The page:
NVIDIA (NASDAQ:NVDA) introduced its powerful Tegra K1 chip at the 2014 International CES earlier this year. It's an important product for NVIDIA, which has done a good job differentiating itself by serving the high end of the market.

The "Tegra Processor" unit is one of two reporting segments for NVIDIA. It comprises Tegra system-on-chip product lines for phones, tablets, PCs, automotive, and gaming devices. The unit pulled in $398 million last fiscal year, accounting for almost 10% of all NVIDIA revenue. However, that total is down some 48% from the prior year – so management and shareholders alike are hoping the K1 will help reverse that trend.

CES provided a great first look at the K1. Motley Fool analyst Rex Moore was in Las Vegas for the huge show, and spoke with NVIDIA's Doug MacMillan about the chip and what it will mean to consumers and developers.

There used to be an eight-year delay from the release of games for high-end PCs until they were available for mobile. In this video segment, MacMillan explains that the Tegra K1 chip runs Epic's Unreal Engine 4, full DX11, and OpenGL 4.4 -- so developers can now write across all platforms at once.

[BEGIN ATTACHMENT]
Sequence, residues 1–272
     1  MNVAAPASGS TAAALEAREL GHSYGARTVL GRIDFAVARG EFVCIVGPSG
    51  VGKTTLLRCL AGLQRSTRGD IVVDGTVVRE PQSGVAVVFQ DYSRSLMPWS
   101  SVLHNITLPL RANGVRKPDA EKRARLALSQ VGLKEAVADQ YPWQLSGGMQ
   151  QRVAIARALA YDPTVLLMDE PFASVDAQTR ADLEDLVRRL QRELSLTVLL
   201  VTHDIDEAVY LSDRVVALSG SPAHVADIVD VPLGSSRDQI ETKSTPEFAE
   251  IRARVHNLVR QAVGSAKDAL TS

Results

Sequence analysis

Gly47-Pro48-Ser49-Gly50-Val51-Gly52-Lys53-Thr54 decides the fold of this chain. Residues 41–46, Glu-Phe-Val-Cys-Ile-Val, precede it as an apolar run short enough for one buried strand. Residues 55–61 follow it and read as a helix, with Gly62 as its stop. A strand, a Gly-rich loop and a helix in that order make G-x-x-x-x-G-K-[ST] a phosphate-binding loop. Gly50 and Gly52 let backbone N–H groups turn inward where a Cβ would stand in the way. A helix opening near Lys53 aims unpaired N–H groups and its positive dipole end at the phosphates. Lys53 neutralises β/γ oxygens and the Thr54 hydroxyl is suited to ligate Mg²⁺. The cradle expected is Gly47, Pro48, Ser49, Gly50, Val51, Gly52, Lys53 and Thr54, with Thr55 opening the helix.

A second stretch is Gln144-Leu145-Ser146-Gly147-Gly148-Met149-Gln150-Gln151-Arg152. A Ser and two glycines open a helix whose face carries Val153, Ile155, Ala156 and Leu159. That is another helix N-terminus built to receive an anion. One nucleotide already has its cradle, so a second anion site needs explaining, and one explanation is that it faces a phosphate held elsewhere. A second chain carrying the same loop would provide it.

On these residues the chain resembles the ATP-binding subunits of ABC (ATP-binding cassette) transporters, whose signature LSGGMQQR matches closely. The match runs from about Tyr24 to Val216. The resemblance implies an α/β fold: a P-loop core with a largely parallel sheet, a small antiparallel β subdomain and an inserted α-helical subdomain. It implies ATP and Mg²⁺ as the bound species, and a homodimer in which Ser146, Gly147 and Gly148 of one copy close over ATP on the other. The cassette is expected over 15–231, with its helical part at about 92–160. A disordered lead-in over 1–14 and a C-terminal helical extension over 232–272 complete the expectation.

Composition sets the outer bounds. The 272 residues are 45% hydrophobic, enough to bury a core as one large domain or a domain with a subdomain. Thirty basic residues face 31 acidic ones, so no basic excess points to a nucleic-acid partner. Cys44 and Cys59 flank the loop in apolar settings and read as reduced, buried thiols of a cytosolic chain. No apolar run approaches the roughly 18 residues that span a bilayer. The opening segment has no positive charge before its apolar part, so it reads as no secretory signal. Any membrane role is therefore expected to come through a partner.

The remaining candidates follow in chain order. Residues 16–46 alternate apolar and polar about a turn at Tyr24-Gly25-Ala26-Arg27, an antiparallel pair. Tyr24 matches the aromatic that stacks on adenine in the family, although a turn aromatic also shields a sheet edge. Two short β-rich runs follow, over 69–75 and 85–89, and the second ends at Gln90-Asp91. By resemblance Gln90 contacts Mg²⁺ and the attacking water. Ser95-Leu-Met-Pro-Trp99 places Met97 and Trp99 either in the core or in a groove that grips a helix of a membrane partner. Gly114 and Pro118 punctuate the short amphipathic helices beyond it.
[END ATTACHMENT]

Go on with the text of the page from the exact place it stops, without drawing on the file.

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Doug MacMillan, NVIDIA: One of the biggest things is that we run Unreal Engine 4, Epic's game engine. Epic's Unreal Engine 4 is what is the fuel for the next generation of gaming, so that will be the tool that game developers will use to bring games to high end PC, to consoles, and to mobile.

What we've done is narrowed the gap from the highest-end to mobile, to a span of a couple years. Previously, the last generation, that was an eight-year gap between getting it to high-end PCs, all the way down to mobile.

The interesting thing there is that we've got the PC gaming architecture and API set for game developers -- so it runs full DX11, OpenGL 4.4 -- so developers like Epic and these other guys that are writing the real high-end games can write them across all the platforms simultaneously. It's a big deal for the industry.

Rex Moore has no position in any stocks mentioned. The Motley Fool recommends Nvidia. Try any of our Foolish newsletter services free for 30 days. We Fools may not all hold the same opinions, but we all believe that considering a diverse range of insights makes us better investors. The Motley Fool has a disclosure policy.

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